Facebook's chief is answering US politicians' questions about the Cambridge Analytica data privacy scandal for a second day in Washington.
Mark Zuckerberg began by apologising again for having failed to take a "broad enough view of our responsibility", and by promising to make sure Facebook's "tools are used for good" in the future.
Tuesday's session lasted five hours.
However, some of the questions that Mr Zuckerberg had expected were not asked.
"On data, we're similar. When you install an app on your iPhone, you give it access to some information, just like when you login with Facebook," the notes said.
"[There are] lots of stories about apps misusing Apple data, [but I have] never seen Apple notify people," his prepared notes added.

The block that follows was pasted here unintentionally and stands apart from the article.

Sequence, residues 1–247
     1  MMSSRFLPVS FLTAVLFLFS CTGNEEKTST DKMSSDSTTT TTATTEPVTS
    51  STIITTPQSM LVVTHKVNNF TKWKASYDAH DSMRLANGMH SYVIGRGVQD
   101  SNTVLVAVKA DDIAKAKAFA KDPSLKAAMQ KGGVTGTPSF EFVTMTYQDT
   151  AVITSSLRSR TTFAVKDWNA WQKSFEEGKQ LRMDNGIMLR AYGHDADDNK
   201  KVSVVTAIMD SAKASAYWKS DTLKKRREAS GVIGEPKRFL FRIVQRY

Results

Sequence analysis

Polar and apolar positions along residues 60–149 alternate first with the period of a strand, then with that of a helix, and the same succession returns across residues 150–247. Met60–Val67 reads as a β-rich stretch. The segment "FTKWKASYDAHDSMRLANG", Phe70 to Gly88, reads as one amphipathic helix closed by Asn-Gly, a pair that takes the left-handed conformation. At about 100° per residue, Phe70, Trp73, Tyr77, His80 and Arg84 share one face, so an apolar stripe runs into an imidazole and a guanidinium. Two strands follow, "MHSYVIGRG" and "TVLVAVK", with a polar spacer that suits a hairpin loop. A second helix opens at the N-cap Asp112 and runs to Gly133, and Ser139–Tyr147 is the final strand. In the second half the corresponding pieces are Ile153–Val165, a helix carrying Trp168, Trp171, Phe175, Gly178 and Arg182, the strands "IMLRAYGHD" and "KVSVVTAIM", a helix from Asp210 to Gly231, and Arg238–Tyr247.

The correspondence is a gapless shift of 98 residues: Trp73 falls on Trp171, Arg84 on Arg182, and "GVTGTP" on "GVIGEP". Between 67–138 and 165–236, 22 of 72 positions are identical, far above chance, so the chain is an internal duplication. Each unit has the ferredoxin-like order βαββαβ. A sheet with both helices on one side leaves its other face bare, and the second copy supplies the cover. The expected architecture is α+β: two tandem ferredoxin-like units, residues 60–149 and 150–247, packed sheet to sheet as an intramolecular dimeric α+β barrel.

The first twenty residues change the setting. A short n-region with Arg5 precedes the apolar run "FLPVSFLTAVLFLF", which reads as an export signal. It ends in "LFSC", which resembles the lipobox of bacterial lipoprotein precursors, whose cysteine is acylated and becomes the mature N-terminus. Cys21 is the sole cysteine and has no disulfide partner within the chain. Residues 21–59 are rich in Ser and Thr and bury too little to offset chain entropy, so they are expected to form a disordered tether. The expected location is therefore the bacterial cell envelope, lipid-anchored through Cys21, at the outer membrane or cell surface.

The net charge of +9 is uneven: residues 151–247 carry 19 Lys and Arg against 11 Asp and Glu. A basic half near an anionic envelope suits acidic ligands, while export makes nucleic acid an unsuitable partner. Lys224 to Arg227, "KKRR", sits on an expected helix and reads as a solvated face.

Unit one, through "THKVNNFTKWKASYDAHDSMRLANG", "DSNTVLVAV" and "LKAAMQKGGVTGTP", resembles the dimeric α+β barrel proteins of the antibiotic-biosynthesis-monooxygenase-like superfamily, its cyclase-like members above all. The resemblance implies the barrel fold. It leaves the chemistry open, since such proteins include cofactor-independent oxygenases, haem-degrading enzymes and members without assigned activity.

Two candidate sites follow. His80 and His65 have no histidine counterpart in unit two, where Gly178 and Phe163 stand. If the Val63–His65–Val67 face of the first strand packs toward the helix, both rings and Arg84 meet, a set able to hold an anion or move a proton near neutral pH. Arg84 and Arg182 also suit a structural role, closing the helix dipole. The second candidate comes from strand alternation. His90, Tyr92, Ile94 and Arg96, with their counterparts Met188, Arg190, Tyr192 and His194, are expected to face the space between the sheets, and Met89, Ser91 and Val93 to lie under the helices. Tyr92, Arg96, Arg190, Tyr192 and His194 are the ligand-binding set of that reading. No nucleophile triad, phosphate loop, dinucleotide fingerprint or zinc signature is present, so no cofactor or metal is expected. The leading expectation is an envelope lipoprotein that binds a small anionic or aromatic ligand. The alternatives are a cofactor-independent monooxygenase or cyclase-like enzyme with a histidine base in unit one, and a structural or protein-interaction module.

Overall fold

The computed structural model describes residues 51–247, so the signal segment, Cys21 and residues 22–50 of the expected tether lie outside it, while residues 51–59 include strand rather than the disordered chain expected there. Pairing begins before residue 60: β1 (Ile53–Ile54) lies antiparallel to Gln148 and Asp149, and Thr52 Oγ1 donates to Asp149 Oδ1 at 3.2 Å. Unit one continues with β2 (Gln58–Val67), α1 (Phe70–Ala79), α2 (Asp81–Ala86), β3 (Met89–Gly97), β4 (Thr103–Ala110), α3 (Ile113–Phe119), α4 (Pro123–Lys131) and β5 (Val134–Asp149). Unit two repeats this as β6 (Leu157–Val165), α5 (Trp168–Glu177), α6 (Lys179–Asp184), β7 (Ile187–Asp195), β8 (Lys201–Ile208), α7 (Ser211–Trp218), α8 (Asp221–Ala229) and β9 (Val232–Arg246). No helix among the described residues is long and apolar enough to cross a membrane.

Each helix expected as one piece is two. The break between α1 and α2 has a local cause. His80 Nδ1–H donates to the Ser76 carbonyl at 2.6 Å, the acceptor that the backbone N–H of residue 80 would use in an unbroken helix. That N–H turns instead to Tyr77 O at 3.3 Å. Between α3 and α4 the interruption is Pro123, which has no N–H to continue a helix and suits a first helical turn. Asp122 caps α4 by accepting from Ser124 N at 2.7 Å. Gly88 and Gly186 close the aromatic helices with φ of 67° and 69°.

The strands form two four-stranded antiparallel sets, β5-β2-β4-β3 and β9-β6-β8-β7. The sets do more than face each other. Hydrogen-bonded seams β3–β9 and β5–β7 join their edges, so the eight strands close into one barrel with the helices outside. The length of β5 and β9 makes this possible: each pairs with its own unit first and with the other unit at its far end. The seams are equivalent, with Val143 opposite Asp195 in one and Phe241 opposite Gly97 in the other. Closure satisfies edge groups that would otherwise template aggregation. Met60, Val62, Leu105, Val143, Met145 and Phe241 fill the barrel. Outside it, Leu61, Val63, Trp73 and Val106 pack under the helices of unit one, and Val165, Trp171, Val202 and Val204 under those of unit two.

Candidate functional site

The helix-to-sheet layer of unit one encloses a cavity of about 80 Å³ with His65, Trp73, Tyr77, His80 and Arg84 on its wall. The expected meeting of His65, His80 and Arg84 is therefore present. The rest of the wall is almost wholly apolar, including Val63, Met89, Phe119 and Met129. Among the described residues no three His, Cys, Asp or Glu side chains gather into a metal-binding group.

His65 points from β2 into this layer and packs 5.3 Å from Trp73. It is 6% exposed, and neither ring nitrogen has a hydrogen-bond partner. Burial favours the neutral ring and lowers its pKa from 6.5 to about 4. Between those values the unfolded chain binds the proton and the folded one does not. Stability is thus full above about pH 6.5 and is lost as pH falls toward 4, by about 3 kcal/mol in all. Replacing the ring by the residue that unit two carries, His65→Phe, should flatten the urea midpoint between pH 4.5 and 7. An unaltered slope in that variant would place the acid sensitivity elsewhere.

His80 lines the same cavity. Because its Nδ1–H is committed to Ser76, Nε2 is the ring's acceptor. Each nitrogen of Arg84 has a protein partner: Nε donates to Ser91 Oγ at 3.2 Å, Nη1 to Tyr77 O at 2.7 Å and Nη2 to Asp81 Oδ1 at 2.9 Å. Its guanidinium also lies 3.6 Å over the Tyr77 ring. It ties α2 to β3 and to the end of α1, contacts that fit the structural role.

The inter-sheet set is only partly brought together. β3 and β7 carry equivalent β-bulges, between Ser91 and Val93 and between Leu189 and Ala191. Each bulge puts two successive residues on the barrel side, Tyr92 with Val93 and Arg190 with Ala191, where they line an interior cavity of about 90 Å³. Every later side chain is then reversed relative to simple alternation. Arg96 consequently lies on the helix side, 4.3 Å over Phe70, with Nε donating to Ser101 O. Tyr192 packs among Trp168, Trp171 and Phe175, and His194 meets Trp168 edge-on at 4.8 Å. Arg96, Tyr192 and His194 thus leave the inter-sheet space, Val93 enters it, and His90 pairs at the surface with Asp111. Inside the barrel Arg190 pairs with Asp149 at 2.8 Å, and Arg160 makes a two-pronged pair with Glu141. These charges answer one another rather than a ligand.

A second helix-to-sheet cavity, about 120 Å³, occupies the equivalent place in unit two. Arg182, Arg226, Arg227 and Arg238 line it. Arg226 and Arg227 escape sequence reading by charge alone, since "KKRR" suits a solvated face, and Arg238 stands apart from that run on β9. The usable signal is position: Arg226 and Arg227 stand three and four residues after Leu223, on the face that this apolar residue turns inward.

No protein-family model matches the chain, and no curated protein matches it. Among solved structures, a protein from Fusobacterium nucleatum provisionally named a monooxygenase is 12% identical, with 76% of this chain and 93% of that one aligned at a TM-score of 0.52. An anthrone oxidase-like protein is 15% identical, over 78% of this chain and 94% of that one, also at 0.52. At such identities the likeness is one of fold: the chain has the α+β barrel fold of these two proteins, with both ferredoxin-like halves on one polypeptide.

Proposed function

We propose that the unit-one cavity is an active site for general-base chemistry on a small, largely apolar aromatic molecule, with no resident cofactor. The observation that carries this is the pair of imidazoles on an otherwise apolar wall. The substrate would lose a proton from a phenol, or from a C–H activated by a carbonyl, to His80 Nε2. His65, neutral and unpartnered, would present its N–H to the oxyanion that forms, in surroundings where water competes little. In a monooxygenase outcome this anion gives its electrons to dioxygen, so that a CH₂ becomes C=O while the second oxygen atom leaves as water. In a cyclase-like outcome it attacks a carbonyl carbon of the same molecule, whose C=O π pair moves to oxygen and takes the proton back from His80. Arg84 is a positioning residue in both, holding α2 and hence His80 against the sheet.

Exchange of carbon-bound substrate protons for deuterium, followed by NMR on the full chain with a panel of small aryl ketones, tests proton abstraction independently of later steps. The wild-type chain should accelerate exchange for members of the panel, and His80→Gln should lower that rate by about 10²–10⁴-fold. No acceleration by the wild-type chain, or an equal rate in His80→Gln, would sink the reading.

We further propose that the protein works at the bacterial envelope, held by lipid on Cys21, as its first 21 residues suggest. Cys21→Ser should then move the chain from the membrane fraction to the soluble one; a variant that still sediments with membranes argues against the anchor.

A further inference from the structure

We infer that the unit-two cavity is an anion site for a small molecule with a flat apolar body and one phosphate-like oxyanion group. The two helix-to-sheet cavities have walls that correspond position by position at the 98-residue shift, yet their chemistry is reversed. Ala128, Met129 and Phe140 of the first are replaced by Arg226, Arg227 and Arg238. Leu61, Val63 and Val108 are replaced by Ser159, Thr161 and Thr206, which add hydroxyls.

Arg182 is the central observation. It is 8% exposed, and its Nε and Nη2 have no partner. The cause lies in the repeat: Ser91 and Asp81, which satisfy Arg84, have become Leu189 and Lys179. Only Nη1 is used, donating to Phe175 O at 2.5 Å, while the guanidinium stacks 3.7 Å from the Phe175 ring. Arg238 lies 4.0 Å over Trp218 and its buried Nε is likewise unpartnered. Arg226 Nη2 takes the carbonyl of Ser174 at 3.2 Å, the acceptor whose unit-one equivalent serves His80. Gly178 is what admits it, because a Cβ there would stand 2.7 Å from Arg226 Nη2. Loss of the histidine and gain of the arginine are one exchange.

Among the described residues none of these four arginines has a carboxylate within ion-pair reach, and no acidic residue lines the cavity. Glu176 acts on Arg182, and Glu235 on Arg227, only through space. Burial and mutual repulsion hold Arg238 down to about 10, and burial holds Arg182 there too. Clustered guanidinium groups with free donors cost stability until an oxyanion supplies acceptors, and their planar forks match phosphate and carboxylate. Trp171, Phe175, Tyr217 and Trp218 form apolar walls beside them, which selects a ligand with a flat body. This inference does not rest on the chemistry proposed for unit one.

Other developments over the past day include:
- The European Commissioner for consumers and justice has told the Guardianshe may propose new regulations to tackle a "loss of trust" in Facebook, and would raise the matter with the tech firm's chief operating officer Sheryl Sandberg later this week
- The political consultancy Cambridge Analytica has sent letters to publishers including the BBC warning that it will treat any misleading or inaccurate reports about itself with the "utmost seriousness"
- The UK Culture Secretary Matt Hancock was scheduled to meet with Facebook officials in London.
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